A mixed metal made by a variety of metals melted at the conflagration of Corinth in B.C. 146, when the city was burnt to the ground by the consul Mummius. Vases and other ornaments were made by the Romans of this metal, of greater value than if they had been made of silver or gold.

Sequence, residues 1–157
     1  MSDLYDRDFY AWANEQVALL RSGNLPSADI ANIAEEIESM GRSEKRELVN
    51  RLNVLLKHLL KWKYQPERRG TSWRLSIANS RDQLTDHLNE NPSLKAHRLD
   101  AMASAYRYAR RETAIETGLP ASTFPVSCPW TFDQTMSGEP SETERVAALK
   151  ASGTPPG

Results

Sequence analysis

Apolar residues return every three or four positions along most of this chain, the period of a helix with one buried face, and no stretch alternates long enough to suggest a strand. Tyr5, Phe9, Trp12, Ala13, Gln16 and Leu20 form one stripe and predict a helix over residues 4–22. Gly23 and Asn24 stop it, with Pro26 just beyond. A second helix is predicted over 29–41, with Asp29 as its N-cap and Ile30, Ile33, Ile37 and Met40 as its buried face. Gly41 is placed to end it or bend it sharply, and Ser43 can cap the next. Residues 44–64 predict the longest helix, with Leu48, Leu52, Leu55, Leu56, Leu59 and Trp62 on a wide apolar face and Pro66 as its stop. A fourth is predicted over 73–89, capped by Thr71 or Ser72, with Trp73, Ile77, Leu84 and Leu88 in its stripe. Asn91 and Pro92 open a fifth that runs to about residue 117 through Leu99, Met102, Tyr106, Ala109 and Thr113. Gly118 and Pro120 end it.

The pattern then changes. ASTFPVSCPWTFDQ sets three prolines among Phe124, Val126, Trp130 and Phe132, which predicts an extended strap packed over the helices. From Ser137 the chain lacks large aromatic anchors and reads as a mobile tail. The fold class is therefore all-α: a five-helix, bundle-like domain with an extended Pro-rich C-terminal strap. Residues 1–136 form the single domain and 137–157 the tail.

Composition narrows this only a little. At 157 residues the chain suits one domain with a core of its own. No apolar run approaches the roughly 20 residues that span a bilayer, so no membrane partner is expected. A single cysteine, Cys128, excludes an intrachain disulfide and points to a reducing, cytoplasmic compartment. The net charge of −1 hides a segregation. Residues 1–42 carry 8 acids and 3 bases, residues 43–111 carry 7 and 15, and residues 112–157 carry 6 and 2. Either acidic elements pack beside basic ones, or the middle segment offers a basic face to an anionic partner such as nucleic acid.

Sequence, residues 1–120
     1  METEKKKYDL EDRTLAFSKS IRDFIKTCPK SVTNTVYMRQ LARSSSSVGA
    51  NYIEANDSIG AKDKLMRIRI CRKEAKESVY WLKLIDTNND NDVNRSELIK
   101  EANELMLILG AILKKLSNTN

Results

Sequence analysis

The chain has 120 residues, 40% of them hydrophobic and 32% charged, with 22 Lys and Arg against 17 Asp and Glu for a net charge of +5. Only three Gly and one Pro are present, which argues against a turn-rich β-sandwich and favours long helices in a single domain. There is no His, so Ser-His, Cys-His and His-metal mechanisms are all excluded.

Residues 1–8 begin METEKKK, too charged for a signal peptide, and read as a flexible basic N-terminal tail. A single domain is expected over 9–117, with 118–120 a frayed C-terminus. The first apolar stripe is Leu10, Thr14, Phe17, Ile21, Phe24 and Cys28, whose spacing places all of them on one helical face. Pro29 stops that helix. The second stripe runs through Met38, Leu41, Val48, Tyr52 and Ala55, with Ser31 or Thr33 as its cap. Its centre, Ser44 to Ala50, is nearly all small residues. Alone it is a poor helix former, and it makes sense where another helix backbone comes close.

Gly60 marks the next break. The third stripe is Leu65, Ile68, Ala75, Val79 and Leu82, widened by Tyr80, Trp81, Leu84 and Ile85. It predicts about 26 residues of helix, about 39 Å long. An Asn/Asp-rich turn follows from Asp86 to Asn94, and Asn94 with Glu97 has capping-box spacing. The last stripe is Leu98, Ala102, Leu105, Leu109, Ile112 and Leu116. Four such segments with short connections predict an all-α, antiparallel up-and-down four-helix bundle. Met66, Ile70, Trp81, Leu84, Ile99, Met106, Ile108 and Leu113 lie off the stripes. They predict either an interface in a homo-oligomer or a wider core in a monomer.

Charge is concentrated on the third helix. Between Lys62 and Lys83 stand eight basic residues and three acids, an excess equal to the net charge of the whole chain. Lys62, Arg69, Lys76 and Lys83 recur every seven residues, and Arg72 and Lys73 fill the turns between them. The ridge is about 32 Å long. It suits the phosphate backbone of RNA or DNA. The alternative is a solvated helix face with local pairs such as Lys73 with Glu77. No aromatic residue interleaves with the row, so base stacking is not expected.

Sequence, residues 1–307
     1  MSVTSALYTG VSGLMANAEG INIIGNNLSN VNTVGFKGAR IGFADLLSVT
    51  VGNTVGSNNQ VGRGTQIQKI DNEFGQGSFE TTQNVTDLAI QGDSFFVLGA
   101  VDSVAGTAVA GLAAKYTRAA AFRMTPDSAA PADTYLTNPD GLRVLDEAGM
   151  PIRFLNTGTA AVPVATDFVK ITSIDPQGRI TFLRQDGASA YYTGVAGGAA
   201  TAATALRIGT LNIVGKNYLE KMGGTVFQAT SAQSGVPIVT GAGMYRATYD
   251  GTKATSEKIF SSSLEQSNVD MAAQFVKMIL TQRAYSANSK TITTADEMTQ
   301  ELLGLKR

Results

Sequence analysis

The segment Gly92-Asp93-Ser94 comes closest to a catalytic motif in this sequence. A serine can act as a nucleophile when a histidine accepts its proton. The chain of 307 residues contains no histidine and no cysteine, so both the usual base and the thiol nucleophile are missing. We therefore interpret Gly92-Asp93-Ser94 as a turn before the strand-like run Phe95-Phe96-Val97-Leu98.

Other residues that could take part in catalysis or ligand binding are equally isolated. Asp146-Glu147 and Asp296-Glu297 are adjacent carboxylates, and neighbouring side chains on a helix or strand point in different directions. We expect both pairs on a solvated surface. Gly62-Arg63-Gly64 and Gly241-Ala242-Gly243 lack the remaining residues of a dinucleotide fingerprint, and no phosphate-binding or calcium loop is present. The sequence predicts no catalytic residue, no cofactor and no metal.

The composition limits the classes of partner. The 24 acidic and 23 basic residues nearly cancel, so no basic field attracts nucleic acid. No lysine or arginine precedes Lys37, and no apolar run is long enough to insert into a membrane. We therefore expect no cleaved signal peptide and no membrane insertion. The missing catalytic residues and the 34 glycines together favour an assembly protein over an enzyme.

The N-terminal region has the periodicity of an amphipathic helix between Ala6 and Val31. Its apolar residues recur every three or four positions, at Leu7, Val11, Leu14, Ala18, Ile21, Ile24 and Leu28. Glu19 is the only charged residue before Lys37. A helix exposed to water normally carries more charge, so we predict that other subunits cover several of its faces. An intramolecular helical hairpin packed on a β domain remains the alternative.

The Hông-hee vases (1426) of China were made of a similar mixed metal when the Imperial palace was burnt to the ground. These vessels are of priceless value.
I think it may be of Corinthian brass, Which was a mixture of all metals, but The brazen uppermost.
Byron: Don Juan, vi. 56.
Source: Dictionary of Phrase and Fable, E. Cobham Brewer, 1894